Free wireless comes with a price

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Students cautioned to protect information over open network

Ockham Communications president Shawn Gee, MBA ’07, says Mi WiFi users should know there’s no guarantee their information won’t be seen by others.
Ockham Communications president Shawn Gee, MBA ’07, says Mi WiFi users should know there’s no guarantee their information won’t be seen by others.

Users of the Ghetto’s new open wireless network should exercise caution when navigating non-secure websites said Queen’s ITS Information Systems Security Manager, George Farah. The free network, called Mi Wifi, was created in July by Ockham Communications, a Kingston-based Internet provider composed of several Queen’s graduates. It covers the area bordered by University Avenue and Earl, Princess and Division streets.

“All the information in an open network is transferred by antennas,” he said. “There are many risks as far as how to use this network.”

These risks include using email and online internet banking.

Farah said that the only secure way to send e-mail using an open wireless internet network is to send information between two parties using email encryption software.

“Encrypted e-mail means that you are using an encryption to scramble all information from the e-mail that you are sending from your computer,” he said. “The only person who can see that information is the recipient on the other end when they descramble it when they open the e-mail.”

Queen’s webmail is equipped with encryption software, but e-mail systems Hotmail and Gmail don’t guarantee e-mail encryption.

Farah said students using the Mi WiFi service should always use secure websites when doing online banking or disclosing personal information.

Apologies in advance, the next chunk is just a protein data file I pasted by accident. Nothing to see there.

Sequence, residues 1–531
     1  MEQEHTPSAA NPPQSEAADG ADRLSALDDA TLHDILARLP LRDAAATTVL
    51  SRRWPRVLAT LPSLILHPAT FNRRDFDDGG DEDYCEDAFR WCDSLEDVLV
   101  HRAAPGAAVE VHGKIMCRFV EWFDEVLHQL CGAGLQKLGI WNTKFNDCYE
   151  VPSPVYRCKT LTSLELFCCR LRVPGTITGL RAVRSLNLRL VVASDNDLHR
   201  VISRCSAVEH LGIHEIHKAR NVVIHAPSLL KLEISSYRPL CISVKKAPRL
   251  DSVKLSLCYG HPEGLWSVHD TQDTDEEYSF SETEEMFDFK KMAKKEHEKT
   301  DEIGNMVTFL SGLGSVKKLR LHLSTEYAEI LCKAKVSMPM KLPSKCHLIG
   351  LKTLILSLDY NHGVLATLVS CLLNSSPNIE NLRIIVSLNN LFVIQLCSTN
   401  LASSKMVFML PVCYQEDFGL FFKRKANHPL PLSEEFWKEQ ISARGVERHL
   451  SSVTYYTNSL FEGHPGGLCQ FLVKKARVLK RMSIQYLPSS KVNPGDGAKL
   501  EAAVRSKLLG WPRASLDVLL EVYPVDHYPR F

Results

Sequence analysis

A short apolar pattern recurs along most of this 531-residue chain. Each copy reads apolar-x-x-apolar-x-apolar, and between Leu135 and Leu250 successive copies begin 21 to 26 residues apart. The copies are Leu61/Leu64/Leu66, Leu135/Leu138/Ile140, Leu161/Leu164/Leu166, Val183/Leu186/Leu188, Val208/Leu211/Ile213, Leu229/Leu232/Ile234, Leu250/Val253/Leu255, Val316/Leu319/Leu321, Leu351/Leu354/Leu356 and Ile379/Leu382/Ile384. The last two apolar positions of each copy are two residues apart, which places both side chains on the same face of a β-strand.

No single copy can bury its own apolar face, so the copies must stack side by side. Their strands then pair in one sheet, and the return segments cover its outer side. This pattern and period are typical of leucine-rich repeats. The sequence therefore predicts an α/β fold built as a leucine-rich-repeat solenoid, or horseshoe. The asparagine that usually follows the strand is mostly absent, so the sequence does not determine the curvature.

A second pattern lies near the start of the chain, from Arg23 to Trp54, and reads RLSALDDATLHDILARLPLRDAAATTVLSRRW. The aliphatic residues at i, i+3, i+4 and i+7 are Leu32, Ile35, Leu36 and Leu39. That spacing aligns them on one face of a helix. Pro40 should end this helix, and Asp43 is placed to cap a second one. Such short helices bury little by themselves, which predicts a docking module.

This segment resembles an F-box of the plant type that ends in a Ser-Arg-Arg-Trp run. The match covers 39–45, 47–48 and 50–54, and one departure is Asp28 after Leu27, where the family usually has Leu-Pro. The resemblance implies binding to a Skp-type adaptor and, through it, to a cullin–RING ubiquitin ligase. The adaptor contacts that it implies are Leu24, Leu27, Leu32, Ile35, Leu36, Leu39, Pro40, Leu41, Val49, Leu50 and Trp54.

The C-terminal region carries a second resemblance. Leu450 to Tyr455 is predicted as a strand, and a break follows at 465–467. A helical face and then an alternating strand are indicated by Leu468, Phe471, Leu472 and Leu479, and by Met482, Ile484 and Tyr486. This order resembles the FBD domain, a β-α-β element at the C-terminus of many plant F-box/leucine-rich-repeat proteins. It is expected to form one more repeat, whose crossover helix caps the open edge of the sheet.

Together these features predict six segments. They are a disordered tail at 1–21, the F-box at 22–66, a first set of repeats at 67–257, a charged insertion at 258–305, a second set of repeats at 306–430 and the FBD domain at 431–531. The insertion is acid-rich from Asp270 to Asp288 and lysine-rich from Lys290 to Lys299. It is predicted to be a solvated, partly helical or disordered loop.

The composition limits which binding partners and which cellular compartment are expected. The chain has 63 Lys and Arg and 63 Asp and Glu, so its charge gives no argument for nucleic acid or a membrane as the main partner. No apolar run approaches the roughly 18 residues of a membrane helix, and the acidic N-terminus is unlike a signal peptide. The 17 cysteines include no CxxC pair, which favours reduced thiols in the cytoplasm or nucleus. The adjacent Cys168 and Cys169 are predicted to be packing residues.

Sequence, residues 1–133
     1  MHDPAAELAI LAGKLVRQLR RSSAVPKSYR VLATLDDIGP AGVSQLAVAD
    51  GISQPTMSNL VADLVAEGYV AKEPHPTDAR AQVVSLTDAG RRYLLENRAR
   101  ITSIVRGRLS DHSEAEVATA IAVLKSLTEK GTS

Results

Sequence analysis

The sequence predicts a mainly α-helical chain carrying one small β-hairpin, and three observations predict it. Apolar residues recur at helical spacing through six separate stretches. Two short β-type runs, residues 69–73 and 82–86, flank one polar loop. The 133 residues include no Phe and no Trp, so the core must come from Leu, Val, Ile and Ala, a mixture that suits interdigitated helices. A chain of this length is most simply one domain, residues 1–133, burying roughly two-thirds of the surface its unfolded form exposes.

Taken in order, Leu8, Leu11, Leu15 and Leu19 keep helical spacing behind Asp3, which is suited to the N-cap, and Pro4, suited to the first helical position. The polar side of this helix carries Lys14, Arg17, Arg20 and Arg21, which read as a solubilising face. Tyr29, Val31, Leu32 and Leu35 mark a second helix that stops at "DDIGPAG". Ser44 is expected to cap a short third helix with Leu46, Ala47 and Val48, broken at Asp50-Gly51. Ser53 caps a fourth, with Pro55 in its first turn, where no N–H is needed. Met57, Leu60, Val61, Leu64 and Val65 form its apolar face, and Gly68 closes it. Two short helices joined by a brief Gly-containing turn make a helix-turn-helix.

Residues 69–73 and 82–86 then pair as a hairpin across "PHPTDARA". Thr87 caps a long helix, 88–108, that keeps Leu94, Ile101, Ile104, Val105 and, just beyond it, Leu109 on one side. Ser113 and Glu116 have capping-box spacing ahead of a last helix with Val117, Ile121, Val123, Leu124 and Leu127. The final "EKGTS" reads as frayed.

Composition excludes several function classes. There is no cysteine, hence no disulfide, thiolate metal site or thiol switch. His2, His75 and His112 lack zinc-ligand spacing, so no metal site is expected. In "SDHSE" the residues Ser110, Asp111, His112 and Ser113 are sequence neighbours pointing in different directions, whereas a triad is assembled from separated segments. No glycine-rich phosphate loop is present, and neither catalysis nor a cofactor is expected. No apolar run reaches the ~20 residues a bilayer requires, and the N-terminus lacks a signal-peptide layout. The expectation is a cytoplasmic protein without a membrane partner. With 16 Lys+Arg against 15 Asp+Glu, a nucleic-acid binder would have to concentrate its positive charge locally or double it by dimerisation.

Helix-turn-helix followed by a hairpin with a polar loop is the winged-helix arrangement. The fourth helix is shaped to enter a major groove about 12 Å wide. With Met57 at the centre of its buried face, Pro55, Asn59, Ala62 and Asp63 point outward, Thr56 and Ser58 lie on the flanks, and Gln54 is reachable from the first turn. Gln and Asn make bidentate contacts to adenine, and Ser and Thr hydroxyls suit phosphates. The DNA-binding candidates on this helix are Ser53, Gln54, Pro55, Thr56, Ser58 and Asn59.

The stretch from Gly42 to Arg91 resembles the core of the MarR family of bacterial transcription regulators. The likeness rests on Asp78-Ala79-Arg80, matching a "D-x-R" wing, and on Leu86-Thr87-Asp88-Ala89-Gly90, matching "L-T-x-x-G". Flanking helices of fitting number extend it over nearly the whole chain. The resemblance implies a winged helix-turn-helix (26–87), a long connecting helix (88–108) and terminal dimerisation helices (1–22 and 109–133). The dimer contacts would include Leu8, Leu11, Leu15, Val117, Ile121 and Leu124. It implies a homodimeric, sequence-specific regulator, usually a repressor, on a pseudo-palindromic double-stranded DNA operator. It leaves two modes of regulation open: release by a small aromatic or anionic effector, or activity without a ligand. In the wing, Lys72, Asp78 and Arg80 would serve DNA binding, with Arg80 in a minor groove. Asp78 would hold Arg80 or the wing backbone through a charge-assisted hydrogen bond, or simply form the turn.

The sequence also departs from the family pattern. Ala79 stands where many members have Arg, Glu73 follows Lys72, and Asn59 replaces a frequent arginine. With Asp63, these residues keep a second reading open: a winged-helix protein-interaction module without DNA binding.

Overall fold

“Once you have entered your user name and password that can be submitted securely using online banking. The issue is before that happens on your computer when you are connected by an open wireless network. What happens is that someone can hack into your computer while you are doing your online banking they can see exactly what you are doing.”

Farah said Queen’s offers its own wireless Internet on campus using a secure wireless protocol called WPA2. When logging on to WPA2, students must enter their Queen’s NetID and password for verification.

“It’s one of the latest encryption protocols that are used to encrypt wireless communication. In addition we have authentication by a secure wireless certificate,” he said. “We make sure that you’re a Queen’s student before you use it.” Ockham Communications President Shawn Gee, MBA ’07, said although Mi Wifi is an open wireless network with a secure login, anything on a non-secure website can still be made available to the public.

Gee said by not requiring a Wifi Protected Access (WPA) password to access the network, anyone with wireless capability within network range can use the service.

“It’s the same thing with Bell and Cogeco’s internet services, unless you’re given a secure WPA login password there’s no guarantee that your information won’t be seen by others,” he said. “The fact is that we have an open network. The best thing I can do is educate our users ... We’re no different than any other network. You just have to be careful.”

Gee admitted that, due to a lack of resources, his company can’t initiate an awareness campaign on its own.

“Because we are a small company and we only have one permanent staff member it would be a big step. I met with Sean Reynolds with IT Services and he seems very keen on supporting the project.”

Internet security 101

•Scan for viruses

•Always logout of applications

• Install operating system updates

• Install antivirus software and keep it up to date

• Be aware of online security scams

• Don’t open attachments from unknown sources

• Scan for spyware and adware

­—Emily Davies Source: Queen’s ITS

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